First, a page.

The New York State United Teachers union filed a lawsuit today to challenge the state’s 2 percent cap on property tax increases, taking aim at one of Gov. Andrew Cuomo’s signature economic achievements.

The legal challenge, filed in state Supreme Court in Albany, takes issue with the cap because it “arbitrarily” limits tax levy hikes under a complex formula that ultimately extends the funding gap between rich and poor school districts.

“We believe very strongly in the principle that every student, no matter where they live or go to school, should have the opportunity to receive a quality public education,” said NYSUT President Richard Iannuzzi in a statement. “In challenging the constitutionality of the tax cap, we are fighting for that principle, just as we are fighting for the democratic principles of ‘one person, one vote’ and for the right of citizens, through local control of their schools, to determine for themselves how much they want to spend on their own community’s schools.”

The union also charges that the cap restrains local control over a school district, a function that is guaranteed in the state’s Constitution.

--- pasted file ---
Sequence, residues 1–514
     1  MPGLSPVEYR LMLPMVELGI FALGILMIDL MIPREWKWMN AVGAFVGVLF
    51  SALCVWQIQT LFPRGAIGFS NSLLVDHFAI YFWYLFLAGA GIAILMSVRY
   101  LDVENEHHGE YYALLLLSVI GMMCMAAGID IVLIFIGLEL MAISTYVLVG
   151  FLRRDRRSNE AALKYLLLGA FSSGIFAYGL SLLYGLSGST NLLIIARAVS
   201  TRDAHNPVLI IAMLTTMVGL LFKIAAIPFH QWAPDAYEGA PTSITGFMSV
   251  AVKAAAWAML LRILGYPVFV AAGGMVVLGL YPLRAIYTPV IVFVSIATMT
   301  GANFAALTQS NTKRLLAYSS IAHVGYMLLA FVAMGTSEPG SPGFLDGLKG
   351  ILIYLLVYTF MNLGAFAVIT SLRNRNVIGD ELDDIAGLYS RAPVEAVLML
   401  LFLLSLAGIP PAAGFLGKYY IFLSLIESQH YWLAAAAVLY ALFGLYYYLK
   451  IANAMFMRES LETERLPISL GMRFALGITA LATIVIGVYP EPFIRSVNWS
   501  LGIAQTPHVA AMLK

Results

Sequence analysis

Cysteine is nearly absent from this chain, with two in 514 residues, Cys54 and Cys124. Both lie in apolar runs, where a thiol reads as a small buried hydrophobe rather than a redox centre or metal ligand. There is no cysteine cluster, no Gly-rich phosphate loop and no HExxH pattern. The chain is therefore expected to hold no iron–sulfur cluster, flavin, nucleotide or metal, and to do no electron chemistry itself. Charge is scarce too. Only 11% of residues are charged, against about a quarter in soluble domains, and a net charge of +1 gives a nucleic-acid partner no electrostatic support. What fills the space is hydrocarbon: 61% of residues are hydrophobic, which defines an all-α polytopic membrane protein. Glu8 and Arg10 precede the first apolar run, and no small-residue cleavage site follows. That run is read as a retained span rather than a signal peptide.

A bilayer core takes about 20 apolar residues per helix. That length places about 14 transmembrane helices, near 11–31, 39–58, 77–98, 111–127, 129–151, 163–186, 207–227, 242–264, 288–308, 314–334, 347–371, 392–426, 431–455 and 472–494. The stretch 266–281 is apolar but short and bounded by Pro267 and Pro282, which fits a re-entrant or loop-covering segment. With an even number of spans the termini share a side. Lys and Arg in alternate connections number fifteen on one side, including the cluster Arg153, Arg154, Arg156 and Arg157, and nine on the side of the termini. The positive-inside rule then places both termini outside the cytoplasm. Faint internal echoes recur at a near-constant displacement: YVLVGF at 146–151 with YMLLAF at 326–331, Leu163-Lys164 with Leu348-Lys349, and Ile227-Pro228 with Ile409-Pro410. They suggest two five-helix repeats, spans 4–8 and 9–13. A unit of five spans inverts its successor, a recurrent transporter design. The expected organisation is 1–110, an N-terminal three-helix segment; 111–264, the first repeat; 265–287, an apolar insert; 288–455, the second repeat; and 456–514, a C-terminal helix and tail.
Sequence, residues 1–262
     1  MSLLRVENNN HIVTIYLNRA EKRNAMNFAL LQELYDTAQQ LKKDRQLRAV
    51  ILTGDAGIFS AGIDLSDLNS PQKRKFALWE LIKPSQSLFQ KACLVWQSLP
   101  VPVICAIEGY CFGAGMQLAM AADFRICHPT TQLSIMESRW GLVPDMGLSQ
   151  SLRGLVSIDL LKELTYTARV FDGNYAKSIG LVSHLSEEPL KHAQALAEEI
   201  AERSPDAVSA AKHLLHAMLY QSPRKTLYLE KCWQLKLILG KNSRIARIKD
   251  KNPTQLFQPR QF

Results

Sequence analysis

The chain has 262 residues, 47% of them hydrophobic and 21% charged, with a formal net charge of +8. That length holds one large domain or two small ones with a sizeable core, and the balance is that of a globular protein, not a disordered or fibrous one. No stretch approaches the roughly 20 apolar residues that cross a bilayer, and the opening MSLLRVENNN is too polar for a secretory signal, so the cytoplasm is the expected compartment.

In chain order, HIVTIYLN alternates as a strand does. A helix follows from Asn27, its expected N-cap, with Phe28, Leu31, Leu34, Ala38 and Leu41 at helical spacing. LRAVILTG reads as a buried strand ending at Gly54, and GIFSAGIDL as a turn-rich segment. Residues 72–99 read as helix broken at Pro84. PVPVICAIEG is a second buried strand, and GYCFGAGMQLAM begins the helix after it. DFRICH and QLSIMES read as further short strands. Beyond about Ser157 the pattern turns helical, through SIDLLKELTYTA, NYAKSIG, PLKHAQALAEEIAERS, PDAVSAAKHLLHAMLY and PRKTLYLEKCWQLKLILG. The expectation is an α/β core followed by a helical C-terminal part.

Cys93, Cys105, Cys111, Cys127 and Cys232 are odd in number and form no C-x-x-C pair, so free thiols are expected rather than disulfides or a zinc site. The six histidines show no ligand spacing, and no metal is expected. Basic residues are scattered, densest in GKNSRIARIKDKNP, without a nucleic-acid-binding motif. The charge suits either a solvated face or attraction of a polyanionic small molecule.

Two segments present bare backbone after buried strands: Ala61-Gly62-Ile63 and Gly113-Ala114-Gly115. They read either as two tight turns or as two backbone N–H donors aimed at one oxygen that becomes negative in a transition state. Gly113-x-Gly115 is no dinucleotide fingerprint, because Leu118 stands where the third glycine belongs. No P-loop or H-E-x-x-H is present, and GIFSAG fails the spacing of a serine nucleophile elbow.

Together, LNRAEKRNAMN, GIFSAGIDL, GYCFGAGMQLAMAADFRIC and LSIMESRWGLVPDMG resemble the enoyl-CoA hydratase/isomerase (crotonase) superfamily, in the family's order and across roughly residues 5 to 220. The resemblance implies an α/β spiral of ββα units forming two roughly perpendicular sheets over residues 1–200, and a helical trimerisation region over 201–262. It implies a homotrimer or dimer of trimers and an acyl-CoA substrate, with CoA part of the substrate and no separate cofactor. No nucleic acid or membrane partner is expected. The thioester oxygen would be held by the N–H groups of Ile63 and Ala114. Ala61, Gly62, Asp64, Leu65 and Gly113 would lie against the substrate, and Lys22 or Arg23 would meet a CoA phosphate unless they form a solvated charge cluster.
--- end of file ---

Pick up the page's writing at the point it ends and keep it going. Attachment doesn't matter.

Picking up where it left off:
Taking direct aim at the override provision that allows a 60 percent majority to blow through the cap, the union says that violates the guarantee of “one man, one vote.”

“We need to have a meaningful conversation in the public arena about what equity in public education really means,” Iannuzzi said. “We can no longer accept an education funding system which denies poor students the same life-enriching educational opportunities provided to students in more affluent communities, sometimes just a few miles away. The state’s undemocratic tax cap is exacerbating glaring inequities in funding while pushing many school districts to the brink of educational and financial insolvency.”

Cuomo has staunchly defended the tax cap, passed in June 2011 as part of a largely deal to extend rent control regulations for the New York City area, as the best possible means of controlling the nation’s highest property taxes.

Most local taxing districts were able to stay within the cap, which includes exceptions for pension and tax base growth, the first year it was in effect.

The governor has also touted the 60 percent override feature as a guarantee of local control over the cap, which he says empowers voters more than under the previous system.

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